Llumina Press is a small, Florida-based, assisted self-publishing service provided founded in 2000 by writer, editor and entrepreneur, Deborah Greenspan. The company was one of the early adopters of POD technology ahead of many established brands in this area.
“I became a publisher because I noted that existing POD publishers were not doing anything to help writers make sure their works were ready for print before they published them. Llumina is all about making sure a book is edited and polished before being released to print. I have many ideas and many plans to do a better job than is currently being done in this field and in others.”
Llumina Press has published 2000+ titles over the past thirteen years for many authors, prides itself on working with an author to polish and prepare a book with the intention of helping all authors reach a readership. An admirable approach, but I note that Llumina Press request submitting authors to accept the terms and conditions of its publication agreement; provide information about author and book, and ‘make a secure online payment with credit card.’ I’ll give some Kudos to Llumina for showing transparency and plenty of detail on its website, and the provider does insists that book accepted for publication must be edited.
“The big houses, of course, handle all aspects of book publishing. They edit, design, print, market, and promote books for their authors. But many publishers, especially those that are offering to print your work online, are just glorified printers. They profit by packaging your work into a book, not by selling that book once it’s finished. That’s why they have no standards and will print anything that comes their way. (Find out about our publisher.)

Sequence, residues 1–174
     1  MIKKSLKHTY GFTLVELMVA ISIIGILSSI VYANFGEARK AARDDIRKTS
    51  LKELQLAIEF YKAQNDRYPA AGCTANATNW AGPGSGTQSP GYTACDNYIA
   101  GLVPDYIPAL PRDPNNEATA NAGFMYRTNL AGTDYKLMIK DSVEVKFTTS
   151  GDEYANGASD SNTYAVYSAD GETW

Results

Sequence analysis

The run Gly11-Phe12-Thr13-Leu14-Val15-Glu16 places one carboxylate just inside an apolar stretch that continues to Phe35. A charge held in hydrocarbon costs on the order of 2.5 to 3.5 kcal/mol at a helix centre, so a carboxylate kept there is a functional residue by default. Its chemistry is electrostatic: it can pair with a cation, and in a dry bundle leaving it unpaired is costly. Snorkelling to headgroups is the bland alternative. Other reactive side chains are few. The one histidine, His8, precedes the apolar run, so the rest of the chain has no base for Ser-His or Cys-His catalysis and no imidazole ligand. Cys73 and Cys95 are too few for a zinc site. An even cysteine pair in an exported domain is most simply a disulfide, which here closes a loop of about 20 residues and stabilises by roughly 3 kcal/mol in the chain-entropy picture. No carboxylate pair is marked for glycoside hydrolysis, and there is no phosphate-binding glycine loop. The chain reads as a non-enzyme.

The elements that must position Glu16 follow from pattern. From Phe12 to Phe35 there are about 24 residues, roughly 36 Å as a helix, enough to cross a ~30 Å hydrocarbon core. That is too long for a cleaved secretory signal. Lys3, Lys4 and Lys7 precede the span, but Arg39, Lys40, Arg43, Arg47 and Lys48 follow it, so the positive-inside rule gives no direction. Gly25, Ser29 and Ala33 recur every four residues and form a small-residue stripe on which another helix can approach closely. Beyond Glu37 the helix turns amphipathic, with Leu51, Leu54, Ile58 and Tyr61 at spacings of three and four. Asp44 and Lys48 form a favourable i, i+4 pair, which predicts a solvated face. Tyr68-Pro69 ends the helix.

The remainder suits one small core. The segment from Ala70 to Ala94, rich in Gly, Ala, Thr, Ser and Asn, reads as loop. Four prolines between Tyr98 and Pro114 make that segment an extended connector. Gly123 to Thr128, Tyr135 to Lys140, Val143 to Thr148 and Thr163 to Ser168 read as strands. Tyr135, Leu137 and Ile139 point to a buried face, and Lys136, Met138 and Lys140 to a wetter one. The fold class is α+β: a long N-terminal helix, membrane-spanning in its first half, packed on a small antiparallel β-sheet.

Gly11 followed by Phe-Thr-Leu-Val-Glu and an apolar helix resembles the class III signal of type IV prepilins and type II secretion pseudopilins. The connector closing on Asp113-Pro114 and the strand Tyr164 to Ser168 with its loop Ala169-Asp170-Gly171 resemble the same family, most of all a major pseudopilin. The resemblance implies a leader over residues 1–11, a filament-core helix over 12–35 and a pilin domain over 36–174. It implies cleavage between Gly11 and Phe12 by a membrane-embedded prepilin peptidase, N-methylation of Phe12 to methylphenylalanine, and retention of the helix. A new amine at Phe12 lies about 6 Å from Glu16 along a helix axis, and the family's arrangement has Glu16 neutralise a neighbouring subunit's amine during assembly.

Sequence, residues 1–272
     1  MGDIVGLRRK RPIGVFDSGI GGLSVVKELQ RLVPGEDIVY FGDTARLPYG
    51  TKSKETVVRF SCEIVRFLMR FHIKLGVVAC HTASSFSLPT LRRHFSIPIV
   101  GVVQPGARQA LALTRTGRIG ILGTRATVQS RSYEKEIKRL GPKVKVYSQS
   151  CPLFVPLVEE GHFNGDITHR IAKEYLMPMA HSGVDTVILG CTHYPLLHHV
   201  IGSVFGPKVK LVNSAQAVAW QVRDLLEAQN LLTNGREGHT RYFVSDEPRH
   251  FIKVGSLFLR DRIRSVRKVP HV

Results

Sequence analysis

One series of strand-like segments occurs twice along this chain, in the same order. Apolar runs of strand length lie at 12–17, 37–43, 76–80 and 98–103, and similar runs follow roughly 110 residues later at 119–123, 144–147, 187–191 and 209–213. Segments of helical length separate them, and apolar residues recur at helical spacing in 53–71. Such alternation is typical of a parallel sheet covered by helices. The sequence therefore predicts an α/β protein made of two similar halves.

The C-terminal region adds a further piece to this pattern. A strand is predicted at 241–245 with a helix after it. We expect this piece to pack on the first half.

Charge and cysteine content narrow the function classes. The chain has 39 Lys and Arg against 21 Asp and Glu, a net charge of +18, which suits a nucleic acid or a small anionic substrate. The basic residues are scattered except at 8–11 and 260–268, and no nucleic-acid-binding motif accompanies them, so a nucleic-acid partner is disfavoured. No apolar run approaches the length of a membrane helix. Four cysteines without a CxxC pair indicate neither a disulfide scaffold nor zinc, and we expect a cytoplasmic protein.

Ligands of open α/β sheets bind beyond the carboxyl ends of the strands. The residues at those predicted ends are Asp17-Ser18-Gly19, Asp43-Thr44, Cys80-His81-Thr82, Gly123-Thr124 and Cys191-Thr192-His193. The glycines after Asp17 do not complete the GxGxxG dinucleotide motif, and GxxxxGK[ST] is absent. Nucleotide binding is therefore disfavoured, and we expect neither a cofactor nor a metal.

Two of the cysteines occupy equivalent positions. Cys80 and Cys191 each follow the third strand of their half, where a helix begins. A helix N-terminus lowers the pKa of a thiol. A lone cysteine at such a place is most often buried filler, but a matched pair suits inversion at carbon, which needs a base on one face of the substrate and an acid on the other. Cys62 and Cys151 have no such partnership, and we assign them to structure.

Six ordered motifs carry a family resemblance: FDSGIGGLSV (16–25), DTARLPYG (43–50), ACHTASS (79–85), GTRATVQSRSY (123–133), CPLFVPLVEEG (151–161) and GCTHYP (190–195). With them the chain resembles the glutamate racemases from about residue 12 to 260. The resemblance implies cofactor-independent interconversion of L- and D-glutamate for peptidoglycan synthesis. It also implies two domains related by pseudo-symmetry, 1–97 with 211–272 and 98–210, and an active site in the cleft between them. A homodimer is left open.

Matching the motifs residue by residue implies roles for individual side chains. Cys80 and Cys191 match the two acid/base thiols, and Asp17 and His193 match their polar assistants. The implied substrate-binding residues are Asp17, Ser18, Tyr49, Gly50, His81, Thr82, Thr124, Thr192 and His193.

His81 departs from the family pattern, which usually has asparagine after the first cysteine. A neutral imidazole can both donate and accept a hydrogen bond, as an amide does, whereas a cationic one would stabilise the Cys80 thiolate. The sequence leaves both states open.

“We don’t accept every book that comes in “over the transom,” and there’s a good reason for this policy. There are companies that will publish anything, but that’s because they make their money through the initial setup fees, and it doesn’t matter (to them) whether or not the book ever sells a single copy. Booksellers and libraries are well aware of who these publishers are, and they know not to buy from them. Llumina, on the other hand, cares about its reputation and won’t put anything under their imprint that will detract from it. That’s one reason why we insist that all our books be professionally edited. The other is that we wouldn’t feel comfortable selling a book we knew to be poorly written. For more questions and answers on editing click here.”
The Llumina Press website is far from being the most sophisticated design I’ve ever seen from a publishing service provider but it does contain most of the information required by an author to make a choice. Llumina Press provide four different publishing packages (ranging from $499-$2999) and I like the fact that it also lists all services individually from an A la Carte menu allowing authors to pick add-on services to their chosen package. The packages are not the big five-star publishing packages on offer from some premium providers and I think it is clear Llumina Press is trying to appeal to the author with a specific budget in mind.
“Publishing your work through Llumina couldn’t be easier. We know you’re a writer, not a book publisher, and we don’t expect you to change hats. Our experts will format your book, design an eye-catching cover for your approval, publish your book and print it on demand as the orders come in from booksellers and individuals. You keep all rights to your work and earn higher royalties than you could with traditional book publishers.”
Royalties might be better than what is available from a traditional publisher, but they are far from spectacular. I’ll mention Llumina royalties a little later in this review.
There are four distinct publishing packages; Basic, Full service, Slam Dunk and Blockbuster.
The Basic package provides only template cover and interior design, ISBN (Llumina’s registered one), basic POD set-up for printers, a final digital-only proof, one printed copy of the book, and a basic single webpage. Distribution through Ingram and Amazon is not included and it is hard to see the appeal of this package to any author beyond a private publication for family and friends.